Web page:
Original Wraps. London: Archibald Constable and Company, 1901. Very Good.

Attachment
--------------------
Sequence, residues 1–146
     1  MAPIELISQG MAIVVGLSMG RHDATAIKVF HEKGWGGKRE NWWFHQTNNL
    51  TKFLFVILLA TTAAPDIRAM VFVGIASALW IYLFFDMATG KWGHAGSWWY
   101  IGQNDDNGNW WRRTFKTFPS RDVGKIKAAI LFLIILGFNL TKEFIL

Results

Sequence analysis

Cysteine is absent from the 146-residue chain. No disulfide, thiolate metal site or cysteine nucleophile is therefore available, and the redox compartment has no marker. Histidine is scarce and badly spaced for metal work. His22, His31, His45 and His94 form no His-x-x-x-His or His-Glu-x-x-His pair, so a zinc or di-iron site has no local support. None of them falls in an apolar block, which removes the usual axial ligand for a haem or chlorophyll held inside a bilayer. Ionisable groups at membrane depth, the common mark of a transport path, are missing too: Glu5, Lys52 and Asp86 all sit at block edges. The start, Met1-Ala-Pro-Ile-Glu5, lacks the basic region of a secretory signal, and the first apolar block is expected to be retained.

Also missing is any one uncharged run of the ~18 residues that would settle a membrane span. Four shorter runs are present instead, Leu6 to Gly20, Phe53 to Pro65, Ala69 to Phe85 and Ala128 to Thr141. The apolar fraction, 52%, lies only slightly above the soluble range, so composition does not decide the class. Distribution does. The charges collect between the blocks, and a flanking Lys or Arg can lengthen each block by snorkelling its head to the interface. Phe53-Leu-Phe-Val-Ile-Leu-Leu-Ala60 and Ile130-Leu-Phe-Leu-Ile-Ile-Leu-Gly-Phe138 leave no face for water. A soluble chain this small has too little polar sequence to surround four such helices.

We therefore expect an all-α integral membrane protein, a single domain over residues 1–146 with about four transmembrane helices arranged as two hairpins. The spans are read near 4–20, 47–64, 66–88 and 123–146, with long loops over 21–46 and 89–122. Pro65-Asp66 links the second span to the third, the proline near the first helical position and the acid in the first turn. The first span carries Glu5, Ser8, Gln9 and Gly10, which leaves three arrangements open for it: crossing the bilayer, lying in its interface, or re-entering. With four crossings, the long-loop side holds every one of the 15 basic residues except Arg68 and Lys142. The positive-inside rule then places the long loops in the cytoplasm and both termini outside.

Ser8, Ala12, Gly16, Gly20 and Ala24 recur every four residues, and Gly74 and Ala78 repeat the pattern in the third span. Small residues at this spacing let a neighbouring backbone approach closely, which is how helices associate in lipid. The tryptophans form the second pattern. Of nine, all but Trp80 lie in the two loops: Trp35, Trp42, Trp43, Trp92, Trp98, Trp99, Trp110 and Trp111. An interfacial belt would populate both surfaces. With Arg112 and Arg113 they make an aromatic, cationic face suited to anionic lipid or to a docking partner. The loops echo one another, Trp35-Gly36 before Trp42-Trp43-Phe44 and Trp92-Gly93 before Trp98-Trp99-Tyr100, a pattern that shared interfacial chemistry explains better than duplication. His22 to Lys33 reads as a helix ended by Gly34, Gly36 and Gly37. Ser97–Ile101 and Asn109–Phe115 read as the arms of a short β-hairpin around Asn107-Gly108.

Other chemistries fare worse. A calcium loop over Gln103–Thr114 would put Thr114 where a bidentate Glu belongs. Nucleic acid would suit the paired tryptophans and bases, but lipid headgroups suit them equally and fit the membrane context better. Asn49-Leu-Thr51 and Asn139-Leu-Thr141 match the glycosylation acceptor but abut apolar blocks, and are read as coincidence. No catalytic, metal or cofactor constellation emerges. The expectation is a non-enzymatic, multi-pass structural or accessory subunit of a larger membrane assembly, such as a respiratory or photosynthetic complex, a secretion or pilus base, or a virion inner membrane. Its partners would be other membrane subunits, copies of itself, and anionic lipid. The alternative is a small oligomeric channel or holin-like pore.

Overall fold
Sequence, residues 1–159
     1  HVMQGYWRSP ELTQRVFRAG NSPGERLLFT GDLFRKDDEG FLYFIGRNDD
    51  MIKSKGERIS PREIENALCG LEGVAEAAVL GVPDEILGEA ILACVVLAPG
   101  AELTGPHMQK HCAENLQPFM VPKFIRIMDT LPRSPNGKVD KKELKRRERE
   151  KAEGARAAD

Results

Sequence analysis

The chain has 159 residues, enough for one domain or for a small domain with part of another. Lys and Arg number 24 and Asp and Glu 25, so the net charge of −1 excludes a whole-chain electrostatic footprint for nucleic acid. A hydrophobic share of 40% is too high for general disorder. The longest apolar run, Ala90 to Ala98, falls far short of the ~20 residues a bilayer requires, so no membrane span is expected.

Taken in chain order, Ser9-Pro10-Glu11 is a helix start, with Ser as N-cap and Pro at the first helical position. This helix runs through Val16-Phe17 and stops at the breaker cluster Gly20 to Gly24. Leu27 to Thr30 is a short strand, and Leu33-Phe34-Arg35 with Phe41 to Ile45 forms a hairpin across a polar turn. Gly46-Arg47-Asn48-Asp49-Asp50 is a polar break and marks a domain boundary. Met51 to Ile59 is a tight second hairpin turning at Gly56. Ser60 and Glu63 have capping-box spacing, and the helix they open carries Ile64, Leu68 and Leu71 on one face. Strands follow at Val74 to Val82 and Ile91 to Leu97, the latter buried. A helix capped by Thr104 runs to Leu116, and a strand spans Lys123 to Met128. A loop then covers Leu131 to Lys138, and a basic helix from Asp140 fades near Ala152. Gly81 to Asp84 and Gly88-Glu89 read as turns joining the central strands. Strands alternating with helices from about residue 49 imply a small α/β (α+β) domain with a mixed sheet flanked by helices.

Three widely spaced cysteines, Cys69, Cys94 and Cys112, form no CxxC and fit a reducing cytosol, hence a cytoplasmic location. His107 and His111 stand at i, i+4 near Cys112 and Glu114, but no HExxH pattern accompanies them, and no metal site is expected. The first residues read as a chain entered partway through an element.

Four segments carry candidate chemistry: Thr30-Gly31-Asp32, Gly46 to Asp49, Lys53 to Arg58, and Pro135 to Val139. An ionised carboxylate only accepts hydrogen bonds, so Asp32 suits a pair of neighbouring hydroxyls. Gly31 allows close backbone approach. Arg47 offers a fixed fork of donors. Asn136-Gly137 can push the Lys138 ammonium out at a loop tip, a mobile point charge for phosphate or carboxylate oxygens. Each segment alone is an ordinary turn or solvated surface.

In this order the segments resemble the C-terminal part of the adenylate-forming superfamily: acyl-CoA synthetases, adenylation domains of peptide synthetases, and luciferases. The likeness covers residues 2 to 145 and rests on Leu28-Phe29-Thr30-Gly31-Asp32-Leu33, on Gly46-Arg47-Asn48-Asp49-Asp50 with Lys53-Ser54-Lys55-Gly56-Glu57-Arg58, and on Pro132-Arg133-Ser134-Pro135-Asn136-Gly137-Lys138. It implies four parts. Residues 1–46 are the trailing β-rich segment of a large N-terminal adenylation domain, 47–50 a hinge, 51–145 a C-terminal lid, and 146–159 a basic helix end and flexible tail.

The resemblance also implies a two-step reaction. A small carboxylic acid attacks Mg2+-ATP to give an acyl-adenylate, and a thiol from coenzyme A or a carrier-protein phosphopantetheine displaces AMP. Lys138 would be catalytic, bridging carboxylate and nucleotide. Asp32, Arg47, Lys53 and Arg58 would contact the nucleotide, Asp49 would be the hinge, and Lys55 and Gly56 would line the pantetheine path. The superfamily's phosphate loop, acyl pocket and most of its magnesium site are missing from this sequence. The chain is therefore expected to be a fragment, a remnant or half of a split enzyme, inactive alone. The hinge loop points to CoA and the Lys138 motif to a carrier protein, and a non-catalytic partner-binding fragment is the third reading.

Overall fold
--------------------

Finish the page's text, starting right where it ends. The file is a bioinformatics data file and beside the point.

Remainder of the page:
First paperback edition, abridged from original text. Publisher’s pale green pictorial wrappers, with illustration of Dracula crawling down the side of his castle to front wrapper, printed in black, and six pages of advertisements to rear. Very good, with light toning and wear to spine, shallow chipping to spine ends, some light creasing to wrapper edges, a touch of staining to bottom left of front wrapper, previous owner’s signature to top of front wrapper in black ink, and some light toning to pages. Overall, an exceptional and unrestored copy of this very scarce and significant early edition of Dracula. Housed in a custom brown pictorial clamshell box. Dracula is a Gothic horror novel by Bram Stoker, marking the literary debut of the vampire character Count Dracula. Written in epistolary format through a series of letters and journal entries, the story begins when the English solicitor Jonathan Harker visits Count Dracula at his castle in Transylvania to assist with a real estate transaction, unaware that the tall, charming gentleman poses him any threat. However, after haunting encounters with three undead women and Dracula himself, Harker finds that he has become a prisoner in the castle, and narrowly escapes only after Dracula sets off on a journey to find new victims in England. While Harker makes his way back home, his fiancée Mina is preoccupied by her friend Lucy Westenra's strange behavior; excessive sleepwalking, weakness, and unexplained punctures in her neck lead Mina to suspect a grave kind of danger. Mina, with the help of Lucy's three suitors, calls upon Professor Van Helsing to diagnose her friend's illness, and it is only then that the nature of the problem becomes clear: Lucy is slowly being turned into a vampire. Failed attempts to save her lead the group, with the help of the since-returned Jonathan Harker, to embark on a quest to rid England of the vampiric curse for good, aiming to kill Count Dracula himself. Stoker's writing in Dracula employs the techniques of a number of genres, most prominently horror, but also including invasion literature, which was popular in the British Empire in the late 19th century and was marked by symbolic portrayals of foreign enemies arriving in England. Though the book received only moderate critical acclaim upon its publication, a film adaptation in 1931 starring Bela Lugosi propelled the story into the spotlight of popular culture. Now, Dracula is regarded as one of the most iconic and influential pieces of 19th century literature, with a legacy that continues to grow more than a century after its initial publication. This first paperback edition of Dracula was published only four years after the true first edition (1897). Archibald Constable & Company requested that the text be abridged so that it would be cheaper to produce (the abridged text was set in double columns with six-point font) and more readable. Stoker himself abridged the text, paring it down from 162,000 to 137,000 words (~15%). Stoker also approved the illustration on the front wrapper, which features the first printed illustration of Dracula. In the image, Dracula crawls down the wall of his castle, while an imprisoned Jonathan Harker watches from an iron-barred window. This illustration of Dracula helped establish attributes - including pointy ears and a bat-like cape - that have come to be synonymous with the character. This abridged edition of the text, which has only been reprinted once (in 1994 by Transylvania Press, renamed Dracula: The Rare Text of 1901), offers unique insight into what Stoker considered to be the most essential aspects of the novel. The edition is exceedingly scarce, with Robert Eighteen-Bisang, one of the most prominent scholars and collectors of vampire literature, writing that “copies of the [paperback] edition are as rare as autographed first editions of Dracula.”. Item #BS008